• Finally, we are improving the environment for American investors in Japan under the U.S.-Japan Working Group on Investment.
In telecom, for example, we are pressing for further reforms that will promote the development of a vibrant information technology market in Japan like the one that has developed in the United States since we deregulated that industry in the 1980's. Only with that deregulation can the use of the Internet and e-commerce expand in Japan as it has in the United States.

I predict eventual success, not just because our arguments make economic sense, but because there is a clear and growing domestic constituency in Japan that recognizes how monopoly prices and restrictive practices have raised costs and slowed Japan's participation in the Internet society. Keidanren, the leading Japanese business organization, recently put forward a list of deregulation proposals twice as long as ours.

Bilateral and Multilateral Forums

Our bilateral efforts at opening markets and creating export opportunities mirror our multilateral efforts. One of the major patterns of our trade relations with Japan over the last 30 years has been that we begin by discussing our differences bilaterally, then take those issues to multilateral fora where the gains can be codified and shared with more of the world's nations. As we negotiated lower tariff rates in the 1960's and e70's, successive GATT Rounds endorsed those reductions. Now, as we address the difficult issues in the Deregulation Initiative, we find the pattern repeating itself. I am struck at how much of our proposed agenda for the next WTO Round finds its roots in the issues we are discussing bilaterally. In much of our agenda for the Round, we and the Japanese share great common interests and want to promote common values. In others, inevitably, we have differences.

Results of the Uruguay Round

The most recent great multilateral exercise at opening the world's trading system, the Uruguay Round, lasted from 1986 to 1994. It brought whole new dimensions to the way the world trades. The nations of the world that concluded the Marrakech Agreement made a number of strides:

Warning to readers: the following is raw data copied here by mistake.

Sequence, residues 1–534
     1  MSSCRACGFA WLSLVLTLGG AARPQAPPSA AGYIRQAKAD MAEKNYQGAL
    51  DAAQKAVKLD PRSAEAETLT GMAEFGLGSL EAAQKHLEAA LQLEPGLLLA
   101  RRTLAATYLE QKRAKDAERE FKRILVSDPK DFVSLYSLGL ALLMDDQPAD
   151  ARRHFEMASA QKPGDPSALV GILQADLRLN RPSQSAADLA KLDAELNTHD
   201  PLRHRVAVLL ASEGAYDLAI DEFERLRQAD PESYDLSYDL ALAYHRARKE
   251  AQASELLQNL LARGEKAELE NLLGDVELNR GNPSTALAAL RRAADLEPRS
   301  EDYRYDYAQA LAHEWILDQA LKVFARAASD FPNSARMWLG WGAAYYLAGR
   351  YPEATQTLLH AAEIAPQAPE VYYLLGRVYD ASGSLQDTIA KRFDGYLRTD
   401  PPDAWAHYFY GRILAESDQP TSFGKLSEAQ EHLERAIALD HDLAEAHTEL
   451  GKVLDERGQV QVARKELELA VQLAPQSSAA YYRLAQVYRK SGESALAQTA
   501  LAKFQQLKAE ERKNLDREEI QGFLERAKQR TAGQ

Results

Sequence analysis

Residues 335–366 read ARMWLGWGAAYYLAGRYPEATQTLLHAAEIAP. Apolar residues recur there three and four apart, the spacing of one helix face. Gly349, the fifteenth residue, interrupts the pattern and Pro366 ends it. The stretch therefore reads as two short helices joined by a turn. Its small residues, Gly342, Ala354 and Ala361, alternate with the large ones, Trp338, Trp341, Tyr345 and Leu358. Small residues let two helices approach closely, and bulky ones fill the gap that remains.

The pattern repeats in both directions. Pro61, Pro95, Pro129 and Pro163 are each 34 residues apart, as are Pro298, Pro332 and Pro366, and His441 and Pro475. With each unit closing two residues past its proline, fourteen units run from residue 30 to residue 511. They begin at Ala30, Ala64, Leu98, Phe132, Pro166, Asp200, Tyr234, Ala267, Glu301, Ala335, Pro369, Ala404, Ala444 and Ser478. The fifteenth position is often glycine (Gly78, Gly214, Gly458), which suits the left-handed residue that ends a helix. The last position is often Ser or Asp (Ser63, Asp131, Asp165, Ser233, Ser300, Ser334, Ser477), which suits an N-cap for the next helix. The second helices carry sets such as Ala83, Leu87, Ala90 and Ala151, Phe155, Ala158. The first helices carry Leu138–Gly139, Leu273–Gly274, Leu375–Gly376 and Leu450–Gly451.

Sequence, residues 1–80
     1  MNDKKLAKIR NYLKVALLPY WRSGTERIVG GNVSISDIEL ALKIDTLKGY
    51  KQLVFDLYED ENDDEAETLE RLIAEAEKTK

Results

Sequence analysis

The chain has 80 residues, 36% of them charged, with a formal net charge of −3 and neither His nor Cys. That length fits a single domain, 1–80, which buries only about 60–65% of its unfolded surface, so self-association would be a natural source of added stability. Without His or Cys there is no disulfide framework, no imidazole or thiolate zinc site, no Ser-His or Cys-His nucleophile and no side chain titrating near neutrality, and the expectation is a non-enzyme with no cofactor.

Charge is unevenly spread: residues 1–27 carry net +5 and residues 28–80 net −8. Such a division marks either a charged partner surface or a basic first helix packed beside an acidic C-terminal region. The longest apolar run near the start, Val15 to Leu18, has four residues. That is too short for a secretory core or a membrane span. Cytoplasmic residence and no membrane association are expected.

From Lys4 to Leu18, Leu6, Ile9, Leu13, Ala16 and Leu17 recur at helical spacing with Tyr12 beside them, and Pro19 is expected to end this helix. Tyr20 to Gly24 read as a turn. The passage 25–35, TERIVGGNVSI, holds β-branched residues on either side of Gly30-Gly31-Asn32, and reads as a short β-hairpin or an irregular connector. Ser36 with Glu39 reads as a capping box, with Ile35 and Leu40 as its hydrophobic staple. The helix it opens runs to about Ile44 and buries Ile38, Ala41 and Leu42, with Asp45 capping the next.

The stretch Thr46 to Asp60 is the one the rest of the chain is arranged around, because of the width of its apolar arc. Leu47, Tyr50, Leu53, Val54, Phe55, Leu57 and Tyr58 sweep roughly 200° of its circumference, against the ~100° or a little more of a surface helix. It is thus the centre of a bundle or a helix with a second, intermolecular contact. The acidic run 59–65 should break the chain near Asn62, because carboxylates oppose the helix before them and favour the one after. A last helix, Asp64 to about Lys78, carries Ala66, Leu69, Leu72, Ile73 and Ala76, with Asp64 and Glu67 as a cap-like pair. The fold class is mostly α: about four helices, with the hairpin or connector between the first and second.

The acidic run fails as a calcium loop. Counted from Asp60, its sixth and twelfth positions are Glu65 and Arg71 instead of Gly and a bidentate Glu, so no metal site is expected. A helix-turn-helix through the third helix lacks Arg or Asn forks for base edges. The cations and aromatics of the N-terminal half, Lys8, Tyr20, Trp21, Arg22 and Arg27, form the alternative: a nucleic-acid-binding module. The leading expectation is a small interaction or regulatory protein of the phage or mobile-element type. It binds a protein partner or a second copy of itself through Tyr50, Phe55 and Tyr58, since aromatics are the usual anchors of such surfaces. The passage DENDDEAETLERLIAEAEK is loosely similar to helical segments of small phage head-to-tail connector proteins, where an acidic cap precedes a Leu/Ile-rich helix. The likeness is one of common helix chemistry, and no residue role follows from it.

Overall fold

• They created the World Trade Organization
  • They brought intellectual property rights under multilateral rules.
  • They agreed on a first set of rules to govern international trade in services.
  • They began to define principles governing international investment.
  • Agricultural quotas were phased out in favor of tariffs.
The practical result of the Uruguay Round has been impressive. By one respected estimate by the OECD, the Uruguay Round delivered a global tax cut in the form of lower tariffs worth $200 billion per year.

The United States and Japan have both benefited greatly from the results of the Uruguay Round and stand to benefit more from the new Round. Most importantly, exports have expanded for both nations, even in the face of a severe global financial crisis. U.S. exports of goods and services, for example, have expanded by 33% since 1994. For Japan, one of the principal benefits has been a reduction in industrial tariffs by an average of one-third worldwide. For a nation that has based its economy on manufactured exports, that is a hugely significant result. The IMF estimated that the average tariff Japan's manufactured exports faced following the Uruguay Round was less than ten percent.

Another important result of the Uruguay Round was the creation of the Dispute Settlement Understanding. Now, nations can bring their trade disputes to neutral arbitrators in Geneva. The U.S. and Japan have been, along with the European Union, active users of this new system. The U.S. and Japan both value compliance with the rules of the WTO. The fact that we have the neutral forum of the WTO available to us has been an important factor in addressing our differences.